The National Fire Protection Association (NFPA) has reported that between 2007 and 2011, US fire departments responded to an average of 230 home Christmas tree fires per year, which resulted in an average of 6 deaths, 22 injuries, and $18.3 million in direct property damage annually.  In addition, one in every three Christmas tree fires are caused by electrical issues and one in six is caused by a heat source that is too close to the Christmas tree.

Christmas Tree Fires in the News

There was no shortage of Christmas tree fire news stories during the 2013 holiday season, many of which highlight the most common ignition sources – electrical issues:

Christmas Tree Fires: What Can You Do to Protect Your Home?

This is just a small sampling of the numerous stories regarding Christmas tree fires that occurred last holiday season.  Don’t become a statistic – there are many things you can do to help protect your loved ones and your home when decorating for the holiday season.  Check out these holiday decorating fire safety tips from NFPA:

  • If you choose a live tree, make sure that it has fresh, green needles that do not fall off when touched.
  • If you choose an artificial tree, be sure it is labeled, certified, or identified by the manufacturer as fire retardant.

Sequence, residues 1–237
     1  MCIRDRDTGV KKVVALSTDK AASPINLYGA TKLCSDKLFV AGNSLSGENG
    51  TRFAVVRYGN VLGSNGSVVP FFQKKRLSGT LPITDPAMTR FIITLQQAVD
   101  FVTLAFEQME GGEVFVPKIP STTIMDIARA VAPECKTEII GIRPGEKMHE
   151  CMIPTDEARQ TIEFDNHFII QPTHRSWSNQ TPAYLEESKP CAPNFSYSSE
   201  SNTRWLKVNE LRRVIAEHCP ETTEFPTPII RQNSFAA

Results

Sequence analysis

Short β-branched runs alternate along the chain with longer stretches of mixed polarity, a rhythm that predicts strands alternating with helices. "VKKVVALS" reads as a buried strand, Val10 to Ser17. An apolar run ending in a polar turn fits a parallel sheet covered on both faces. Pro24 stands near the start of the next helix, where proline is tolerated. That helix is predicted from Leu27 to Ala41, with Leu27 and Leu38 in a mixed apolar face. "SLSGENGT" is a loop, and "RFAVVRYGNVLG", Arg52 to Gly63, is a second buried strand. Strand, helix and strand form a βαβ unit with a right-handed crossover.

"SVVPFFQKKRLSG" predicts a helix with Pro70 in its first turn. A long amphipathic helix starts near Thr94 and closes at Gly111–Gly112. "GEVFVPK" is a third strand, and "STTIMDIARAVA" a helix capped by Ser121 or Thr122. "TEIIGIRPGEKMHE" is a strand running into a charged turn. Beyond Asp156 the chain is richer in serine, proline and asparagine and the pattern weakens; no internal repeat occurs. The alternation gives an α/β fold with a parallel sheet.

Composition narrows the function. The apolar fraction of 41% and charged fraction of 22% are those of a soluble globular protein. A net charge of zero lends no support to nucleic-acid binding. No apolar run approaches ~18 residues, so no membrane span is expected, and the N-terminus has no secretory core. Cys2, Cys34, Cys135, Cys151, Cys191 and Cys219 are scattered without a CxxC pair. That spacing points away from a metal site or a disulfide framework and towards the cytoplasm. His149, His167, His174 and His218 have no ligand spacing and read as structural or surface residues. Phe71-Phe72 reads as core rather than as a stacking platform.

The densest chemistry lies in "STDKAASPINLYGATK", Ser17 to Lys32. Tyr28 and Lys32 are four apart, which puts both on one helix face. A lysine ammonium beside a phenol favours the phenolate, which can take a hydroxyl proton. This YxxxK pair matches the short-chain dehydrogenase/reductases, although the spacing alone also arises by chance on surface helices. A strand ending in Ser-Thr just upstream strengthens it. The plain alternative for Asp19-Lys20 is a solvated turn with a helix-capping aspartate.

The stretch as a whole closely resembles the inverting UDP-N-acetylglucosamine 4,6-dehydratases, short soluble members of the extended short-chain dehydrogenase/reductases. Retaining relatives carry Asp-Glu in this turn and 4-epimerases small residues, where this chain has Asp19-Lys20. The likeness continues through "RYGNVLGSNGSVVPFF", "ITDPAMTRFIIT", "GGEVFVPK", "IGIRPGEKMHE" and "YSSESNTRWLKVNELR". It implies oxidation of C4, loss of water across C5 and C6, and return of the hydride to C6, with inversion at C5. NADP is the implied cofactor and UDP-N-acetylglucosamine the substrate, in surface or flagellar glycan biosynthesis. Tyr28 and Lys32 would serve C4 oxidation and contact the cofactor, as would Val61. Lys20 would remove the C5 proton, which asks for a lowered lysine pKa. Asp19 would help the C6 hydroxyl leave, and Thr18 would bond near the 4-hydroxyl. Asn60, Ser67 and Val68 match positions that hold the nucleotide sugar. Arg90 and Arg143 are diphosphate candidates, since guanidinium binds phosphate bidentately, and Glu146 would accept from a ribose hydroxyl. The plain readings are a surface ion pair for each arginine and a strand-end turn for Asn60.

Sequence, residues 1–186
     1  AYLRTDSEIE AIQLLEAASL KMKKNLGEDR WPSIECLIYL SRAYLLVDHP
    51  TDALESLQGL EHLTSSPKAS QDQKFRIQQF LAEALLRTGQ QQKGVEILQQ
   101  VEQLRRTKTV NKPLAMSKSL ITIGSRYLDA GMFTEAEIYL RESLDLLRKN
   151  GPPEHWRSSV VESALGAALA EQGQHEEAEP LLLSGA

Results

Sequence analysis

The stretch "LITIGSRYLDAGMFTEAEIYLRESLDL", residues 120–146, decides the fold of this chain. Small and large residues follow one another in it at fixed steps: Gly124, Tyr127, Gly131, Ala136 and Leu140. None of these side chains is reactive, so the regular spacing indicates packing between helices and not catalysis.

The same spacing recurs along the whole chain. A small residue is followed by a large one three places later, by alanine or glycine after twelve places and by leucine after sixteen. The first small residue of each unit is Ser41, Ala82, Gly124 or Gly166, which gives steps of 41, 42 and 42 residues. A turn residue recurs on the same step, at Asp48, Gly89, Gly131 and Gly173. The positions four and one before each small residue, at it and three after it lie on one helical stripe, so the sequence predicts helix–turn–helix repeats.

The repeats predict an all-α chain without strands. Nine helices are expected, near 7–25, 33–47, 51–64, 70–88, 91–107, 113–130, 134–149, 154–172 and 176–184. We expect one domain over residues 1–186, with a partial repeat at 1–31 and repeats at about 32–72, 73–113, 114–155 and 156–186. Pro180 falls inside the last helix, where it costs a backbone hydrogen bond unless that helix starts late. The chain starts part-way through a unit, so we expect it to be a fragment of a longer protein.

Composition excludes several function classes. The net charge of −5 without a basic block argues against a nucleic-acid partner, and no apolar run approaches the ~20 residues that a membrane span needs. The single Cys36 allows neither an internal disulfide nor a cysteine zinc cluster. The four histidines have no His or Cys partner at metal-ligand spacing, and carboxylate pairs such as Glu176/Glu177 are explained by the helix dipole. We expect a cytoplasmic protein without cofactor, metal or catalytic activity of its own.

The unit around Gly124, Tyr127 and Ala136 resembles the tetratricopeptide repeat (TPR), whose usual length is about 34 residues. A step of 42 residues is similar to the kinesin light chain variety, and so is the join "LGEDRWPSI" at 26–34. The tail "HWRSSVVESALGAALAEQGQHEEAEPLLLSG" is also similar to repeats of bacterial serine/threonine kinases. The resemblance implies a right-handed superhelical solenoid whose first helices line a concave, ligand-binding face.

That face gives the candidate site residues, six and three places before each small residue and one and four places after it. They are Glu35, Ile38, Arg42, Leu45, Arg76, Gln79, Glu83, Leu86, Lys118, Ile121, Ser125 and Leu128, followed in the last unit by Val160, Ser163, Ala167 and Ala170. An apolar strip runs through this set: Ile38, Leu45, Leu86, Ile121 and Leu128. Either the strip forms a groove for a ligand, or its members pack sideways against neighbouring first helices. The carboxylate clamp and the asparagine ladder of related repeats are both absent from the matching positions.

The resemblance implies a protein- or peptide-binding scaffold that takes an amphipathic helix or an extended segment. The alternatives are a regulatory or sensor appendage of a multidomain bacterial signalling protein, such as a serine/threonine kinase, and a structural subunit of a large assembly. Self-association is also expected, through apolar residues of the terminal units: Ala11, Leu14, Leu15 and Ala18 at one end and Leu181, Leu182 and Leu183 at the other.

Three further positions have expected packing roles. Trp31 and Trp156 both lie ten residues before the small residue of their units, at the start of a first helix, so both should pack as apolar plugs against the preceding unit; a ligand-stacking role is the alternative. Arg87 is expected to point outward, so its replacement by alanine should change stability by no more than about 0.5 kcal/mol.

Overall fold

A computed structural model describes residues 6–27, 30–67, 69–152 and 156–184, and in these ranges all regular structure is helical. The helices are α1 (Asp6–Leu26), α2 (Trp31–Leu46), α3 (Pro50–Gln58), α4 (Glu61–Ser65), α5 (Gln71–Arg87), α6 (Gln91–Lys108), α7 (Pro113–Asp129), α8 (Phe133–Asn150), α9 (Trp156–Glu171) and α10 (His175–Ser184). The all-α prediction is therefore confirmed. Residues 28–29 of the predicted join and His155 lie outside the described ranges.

• Before placing a live tree in its stand, cut 1-2 inches from the base of the trunk; and make sure to water your tree daily.
  • Do not block exits with your tree.
  • Keep your tree at least three feet from any heat source (fireplace, radiators, candles, heat vents, etc.).
  • Use lights that have the label of an independent testing laboratory.  Some lights are only for indoor or outdoor use, but not both.
  • Replace any string of lights with worn or broken cords or loose bulb connections.  Connect no more than three strands of mini string sets and a maximum of 50 bulbs for screw-in bulbs.  Read manufacturer’s instructions for number of LED strands to connect.
  • Never use lit candles to decorate the tree!
  • Always turn off Christmas tree lights before leaving home or going to bed.

Finally, make sure to dispose of the tree when it starts to drop its needles.  Dried-out trees are a fire danger and should not be left in the home or in the garage.  Watch how quickly a dried-out Christmas tree goes up in flames in this demonstration video:

We hope that you will find these tips helpful while you are decorating for the holidays.  And, from the entire Harrington Group team, we wish you a safe and happy holiday season.